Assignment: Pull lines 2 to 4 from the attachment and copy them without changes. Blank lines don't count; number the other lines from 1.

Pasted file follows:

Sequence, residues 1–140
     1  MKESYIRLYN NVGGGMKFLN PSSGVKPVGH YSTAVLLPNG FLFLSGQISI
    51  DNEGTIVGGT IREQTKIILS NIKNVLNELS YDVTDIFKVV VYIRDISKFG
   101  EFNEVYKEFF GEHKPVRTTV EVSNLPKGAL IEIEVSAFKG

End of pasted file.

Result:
     1  MKESYIRLYN NVGGGMKFLN PSSGVKPVGH YSTAVLLPNG FLFLSGQISI
    51  DNEGTIVGGT IREQTKIILS NIKNVLNELS YDVTDIFKVV VYIRDISKFG
   101  EFNEVYKEFF GEHKPVRTTV EVSNLPKGAL IEIEVSAFKG